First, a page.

You can’t do everything by yourself. My ever-loving and patient husband, Keith, has saved my ass multiple times, from forgetting little things for a show to big things like those midnight tears when you’re too stressed to sleep. A little support goes a long way. If your work is good and helpful (if it’s not, why are you doing it?), then people will want to help. Pick the right people, and let them help! When we first opened the studio, Shan (my right hand business and friend babe) and I would do all the teaching, all the cleaning, and all the promo. It was way too much. Once we made the leap to trust four incredible women to work the front desk and do cleaning duties, the entire studio shined brighter, our customer service went up, and those women are so much more invested in the success of this business.

What would you do with 2 more hours a day?

Spend that time reading and taking in art. I never lack for inspiration, but I feel so much more fed as an artist and as a business owner when I allow myself the space and time to be an audience to someone else’s art.

What has been the biggest sacrifice you’ve made?

My performing career definitely took a hit when I opened the studio, because I had this newborn business that needed all my attention. A year and a half in, that’s starting to shift again as the studio begins to become more self-sufficient. I also tend to keep the worst working hours, as I’m in classes until 10pm and then will answer emails until midnight, but that’s not a huge sacrifice since I’m a night owl.

I’ve been very humbled by the experience of relying on others to help build this business, but it’s all been so worth it. Becoming more vulnerable with my own shortcomings, and owning up to mistakes while still leading a company is living with continual growing pains. Again though, I wouldn’t trade it for anything.

What is your greatest success (or something you’re most proud of) related to what you make?

With the exception of about five performers in Nashville, all the rest of the burlesquers here I trained. Some of them are producing shows, teaching at the studio, and performing at festivals and big events now. It’s beautiful to feel like I’ve really grown this community up and provided an opportunity to let these ladies shine.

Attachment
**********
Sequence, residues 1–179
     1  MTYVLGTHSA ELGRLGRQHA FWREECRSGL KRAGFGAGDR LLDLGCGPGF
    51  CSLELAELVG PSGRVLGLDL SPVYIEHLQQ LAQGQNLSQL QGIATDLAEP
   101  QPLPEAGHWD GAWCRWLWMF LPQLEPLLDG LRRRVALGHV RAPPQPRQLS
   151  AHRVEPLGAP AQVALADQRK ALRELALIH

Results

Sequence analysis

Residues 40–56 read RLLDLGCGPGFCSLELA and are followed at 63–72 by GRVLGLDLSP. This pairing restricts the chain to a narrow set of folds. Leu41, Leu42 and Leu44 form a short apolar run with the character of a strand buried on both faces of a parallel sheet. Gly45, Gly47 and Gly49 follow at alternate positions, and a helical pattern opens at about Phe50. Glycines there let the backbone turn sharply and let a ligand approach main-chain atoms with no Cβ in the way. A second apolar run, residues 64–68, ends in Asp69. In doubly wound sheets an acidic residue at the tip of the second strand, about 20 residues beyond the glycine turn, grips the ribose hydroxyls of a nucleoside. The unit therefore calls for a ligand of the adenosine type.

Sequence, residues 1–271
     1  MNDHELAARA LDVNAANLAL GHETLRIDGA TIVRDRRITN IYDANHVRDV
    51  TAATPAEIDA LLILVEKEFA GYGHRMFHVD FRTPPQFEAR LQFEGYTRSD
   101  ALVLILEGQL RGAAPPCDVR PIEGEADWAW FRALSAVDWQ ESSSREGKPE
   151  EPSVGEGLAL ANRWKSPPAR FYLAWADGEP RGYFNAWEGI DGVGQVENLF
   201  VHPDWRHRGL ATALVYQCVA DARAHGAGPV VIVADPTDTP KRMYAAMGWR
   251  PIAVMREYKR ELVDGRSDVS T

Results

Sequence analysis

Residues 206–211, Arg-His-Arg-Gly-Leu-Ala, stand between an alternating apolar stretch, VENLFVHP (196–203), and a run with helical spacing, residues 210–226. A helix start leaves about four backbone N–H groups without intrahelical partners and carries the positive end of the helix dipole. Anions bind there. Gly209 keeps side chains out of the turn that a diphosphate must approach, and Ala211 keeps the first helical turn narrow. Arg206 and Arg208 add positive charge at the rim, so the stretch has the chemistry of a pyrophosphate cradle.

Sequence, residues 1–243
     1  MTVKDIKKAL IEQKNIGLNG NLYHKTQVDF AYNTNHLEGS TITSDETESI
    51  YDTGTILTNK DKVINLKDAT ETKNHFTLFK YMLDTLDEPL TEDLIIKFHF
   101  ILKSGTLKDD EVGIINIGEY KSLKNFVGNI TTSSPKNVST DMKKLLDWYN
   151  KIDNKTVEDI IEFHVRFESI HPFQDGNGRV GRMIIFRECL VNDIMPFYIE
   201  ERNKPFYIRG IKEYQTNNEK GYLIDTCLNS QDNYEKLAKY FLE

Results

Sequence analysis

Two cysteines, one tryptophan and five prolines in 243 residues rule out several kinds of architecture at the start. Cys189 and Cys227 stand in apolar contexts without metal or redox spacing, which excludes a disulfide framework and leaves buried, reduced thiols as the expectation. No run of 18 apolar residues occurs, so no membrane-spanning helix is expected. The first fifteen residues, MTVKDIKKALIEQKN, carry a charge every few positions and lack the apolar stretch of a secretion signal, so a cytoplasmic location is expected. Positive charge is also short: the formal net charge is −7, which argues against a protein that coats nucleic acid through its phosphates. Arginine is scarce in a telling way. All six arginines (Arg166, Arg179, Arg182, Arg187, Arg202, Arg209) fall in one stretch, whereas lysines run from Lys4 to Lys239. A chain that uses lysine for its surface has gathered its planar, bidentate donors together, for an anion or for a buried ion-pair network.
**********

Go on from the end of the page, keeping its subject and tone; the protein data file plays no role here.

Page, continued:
As a performer, that Iceland gig is still a big highlight for me. This year I’ve also been asked to perform and speak at two major conventions outside burlesque, and I’m thrilled that my work is being recognized outside of our tiny industry. I hope I get to continue spreading the gospel of bawdy positivity!

What’s the first app or website you open when you wake up in the morning?

I’m totally a morning Instagram stalker! I can’t handle my inbox first thing, nor the hectic pace of Facebook, so looking at people’s curated food/travel/clothing happies in the morning makes me feel like I can tackle the other things.

Where do you go when you need inspiration for your work?

I’m going to be boring and tell you that inspiration is everywhere, but it really is true! I get ideas for acts and shows everywhere from being stuck in traffic to a beautiful hike in nature. 

How do you decompress at the end of the work day?

Epsom salt baths save my ass (literally). Being in water at the end of the day means I can’t be online and have to relax. I’m also a big fan of mindless TV and midnight snacks ;)

What’s the hardest thing about being your own boss that isn’t obvious?

I don’t know if it’s obvious or not, but motivation on bad days. When the self-sabotage in your head starts, you have to be very vigilant that it won’t wreck those precious hours that you need to be productive and move forward. Times like those, I’m thankful to have friends to reach out to. Having a lunch with someone who knows is essential to my mental health.

Lastly, and most important, what is your favorite TV show and what is your favorite snack?

Of all time? Probably Buffy the Vampire Slayer. I’ve watched the series a few times all the way through and it’s still really enjoyable. Right now? I’m watching Six Feet Under and it’s so, so brilliant.

Favorite snack, cheese, without a doubt. I often credit my photos with “body by cheese” and it’s true. Specifically, my favorite weird snack that I can’t keep in the house because I devour it is Ruffles potato chips dipped in cottage cheese. It’s salty crunchy creamy perfection!

All photos courtesy of Freya West

P.S. Meet last week's bitch:  Transformational Facilitator, Susi Willis!

P.P.S. Full list of My Bitches here.